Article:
The house next door to our neighbor's was lived in by an older couple; I never knew they were hoarders. Well, he died a few years ago (3?) and last year, she died in her bed at home after being confined to the house with COPD and needing oxygen. The grown children live one county away; the neighbors found her. All the kids wanted was the man's newer Ford pickup truck! The house could be sold, it's a brick rancher on a couple acres, but it has now sat vacant over a year, since the family wants NOTHING TO DO with cleaning it up! Somebody just had to come and mow the front yard, as it was a hay field.

Dare you get a little more assertive with your Mom, without having her have a melt-down? I too save brown paper bags, after grocery stores all went to plastic bags, it's oftentimes handy to put food like potatoes or apples in to bring to a neighbor...plastic makes veggies sweat. But there have to be limits, of course. Maybe let her keep 5?

She sounds like a sweet lady. Be gentle but you have to do this!

posts: 2073   ·   registered: Sep. 22nd, 2017   ·   location: Washington D C area
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 SackOfSorry (original poster member #83195) posted at 2:03 AM on Tuesday, June 18th, 2024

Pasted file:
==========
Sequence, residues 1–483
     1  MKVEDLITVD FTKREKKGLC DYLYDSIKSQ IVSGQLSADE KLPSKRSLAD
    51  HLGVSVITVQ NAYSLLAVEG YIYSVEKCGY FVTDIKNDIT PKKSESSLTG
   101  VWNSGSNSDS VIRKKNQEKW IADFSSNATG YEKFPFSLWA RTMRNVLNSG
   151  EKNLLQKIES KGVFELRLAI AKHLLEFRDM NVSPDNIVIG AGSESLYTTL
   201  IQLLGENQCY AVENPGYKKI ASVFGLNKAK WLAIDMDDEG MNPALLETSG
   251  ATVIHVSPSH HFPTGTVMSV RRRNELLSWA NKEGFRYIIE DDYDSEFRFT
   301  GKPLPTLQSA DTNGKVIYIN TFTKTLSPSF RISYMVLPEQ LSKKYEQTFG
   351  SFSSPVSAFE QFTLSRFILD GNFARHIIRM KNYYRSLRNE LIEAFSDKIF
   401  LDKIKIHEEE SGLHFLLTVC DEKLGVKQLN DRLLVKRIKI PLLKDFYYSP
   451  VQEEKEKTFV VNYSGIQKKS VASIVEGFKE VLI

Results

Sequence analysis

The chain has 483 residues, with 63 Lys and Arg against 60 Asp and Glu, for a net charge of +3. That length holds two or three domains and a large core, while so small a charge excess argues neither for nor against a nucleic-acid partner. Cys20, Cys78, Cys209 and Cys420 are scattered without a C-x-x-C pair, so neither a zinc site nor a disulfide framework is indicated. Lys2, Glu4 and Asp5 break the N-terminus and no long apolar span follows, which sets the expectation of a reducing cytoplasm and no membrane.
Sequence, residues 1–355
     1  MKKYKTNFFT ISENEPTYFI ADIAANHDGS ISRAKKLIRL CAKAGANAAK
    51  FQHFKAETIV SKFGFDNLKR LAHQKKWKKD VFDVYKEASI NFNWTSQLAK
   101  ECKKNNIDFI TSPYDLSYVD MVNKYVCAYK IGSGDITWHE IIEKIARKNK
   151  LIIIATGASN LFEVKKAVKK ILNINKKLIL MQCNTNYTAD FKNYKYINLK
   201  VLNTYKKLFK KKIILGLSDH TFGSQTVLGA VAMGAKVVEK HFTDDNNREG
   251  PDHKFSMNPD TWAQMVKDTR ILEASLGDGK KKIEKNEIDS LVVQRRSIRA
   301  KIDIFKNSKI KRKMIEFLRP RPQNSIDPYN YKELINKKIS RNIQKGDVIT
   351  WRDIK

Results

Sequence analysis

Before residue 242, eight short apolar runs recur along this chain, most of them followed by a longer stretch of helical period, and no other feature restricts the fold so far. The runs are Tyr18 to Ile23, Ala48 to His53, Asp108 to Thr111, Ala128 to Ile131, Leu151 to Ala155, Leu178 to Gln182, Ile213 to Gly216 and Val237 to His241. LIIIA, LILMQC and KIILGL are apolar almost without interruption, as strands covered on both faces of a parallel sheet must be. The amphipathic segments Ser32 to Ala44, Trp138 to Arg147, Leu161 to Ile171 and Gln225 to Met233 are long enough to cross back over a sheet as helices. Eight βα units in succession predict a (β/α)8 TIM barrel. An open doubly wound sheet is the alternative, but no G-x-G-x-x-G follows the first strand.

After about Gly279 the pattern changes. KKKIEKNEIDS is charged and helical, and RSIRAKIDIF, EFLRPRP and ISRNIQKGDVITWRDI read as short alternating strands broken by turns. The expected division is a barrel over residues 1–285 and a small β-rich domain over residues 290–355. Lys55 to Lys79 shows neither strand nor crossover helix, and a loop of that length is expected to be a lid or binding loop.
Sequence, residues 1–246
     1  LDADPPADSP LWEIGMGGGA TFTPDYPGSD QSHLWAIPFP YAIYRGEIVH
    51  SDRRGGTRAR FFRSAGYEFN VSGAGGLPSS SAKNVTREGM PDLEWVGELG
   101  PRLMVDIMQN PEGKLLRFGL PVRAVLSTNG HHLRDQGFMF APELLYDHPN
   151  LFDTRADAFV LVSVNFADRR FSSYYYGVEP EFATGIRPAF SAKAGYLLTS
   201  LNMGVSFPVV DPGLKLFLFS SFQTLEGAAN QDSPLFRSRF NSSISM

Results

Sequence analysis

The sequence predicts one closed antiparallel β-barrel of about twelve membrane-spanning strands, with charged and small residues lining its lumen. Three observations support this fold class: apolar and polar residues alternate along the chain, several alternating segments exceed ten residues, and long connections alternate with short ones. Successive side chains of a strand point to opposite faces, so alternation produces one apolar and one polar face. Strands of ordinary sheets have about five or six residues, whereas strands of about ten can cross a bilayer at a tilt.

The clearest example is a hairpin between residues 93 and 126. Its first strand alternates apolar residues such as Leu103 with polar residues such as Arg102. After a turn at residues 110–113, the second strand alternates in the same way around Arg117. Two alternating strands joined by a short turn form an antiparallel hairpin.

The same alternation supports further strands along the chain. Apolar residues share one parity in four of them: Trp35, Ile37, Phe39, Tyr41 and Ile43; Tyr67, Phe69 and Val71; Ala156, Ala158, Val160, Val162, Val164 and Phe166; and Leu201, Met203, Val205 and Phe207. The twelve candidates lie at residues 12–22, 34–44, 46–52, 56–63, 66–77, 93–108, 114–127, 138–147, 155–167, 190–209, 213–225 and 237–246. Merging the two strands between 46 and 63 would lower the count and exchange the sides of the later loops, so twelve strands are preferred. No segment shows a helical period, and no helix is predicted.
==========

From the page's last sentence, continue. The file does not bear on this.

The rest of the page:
I am married to a Mechanic who has a lifetime of TOOLS and CABINETS he never puts his tools back into!!

My brother is also a mechanic. And he has to have the BEST tools and the BEST tool boxes. He has tool boxes that cost $10K for just the box. It's insane. Even though the shops he has worked at have had tools for the staff, he MUST have his own. He prides himself on having things that the shop doesn't, that people have to borrow from him. I guess that makes one special. I also have one of these special tool boxes of his in my shop, has been here for at least 10 years so he really needs that box and those tools...

I did have a message from him tonight saying he'd be at mom's on Wednesday night to clean up his junk. Not sure what that means because for sure, it's not happening in one night!

Me - BW
DDay - May 4, 2013

And nothing's quite as sure as change. (The Mamas and the Papas)

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little turtle ( member #15584) posted at 2:00 AM on Thursday, June 20th, 2024

How did it go today? smile

Failure is success if we learn from it.

posts: 5612   ·   registered: Aug. 1st, 2007   ·   location: michigan
id 8840159
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 SackOfSorry (original poster member #83195) posted at 2:40 AM on Thursday, June 20th, 2024

Well, it's very overwhelming.

I discovered she's got 12 unopened boxes of toothpaste (so far), and hardly any teeth. So many rolls of scotch tape ... so many...

I've gotten one small box of donations out, 3 bags of garbage, a 4th started. Two of those bags were largely from her kitchen table. OMG, she had an unopened grocery store pecan pie on the table, and it was from Dec 2022. I found some lovely green butter tarts, and I immediately said "they're green" and was putting them in the garbage bag, and she says "oh, but the box..." I mean, I do sort of stress to recycle what we can but I told her I'm not picking through green butter tarts to save a box!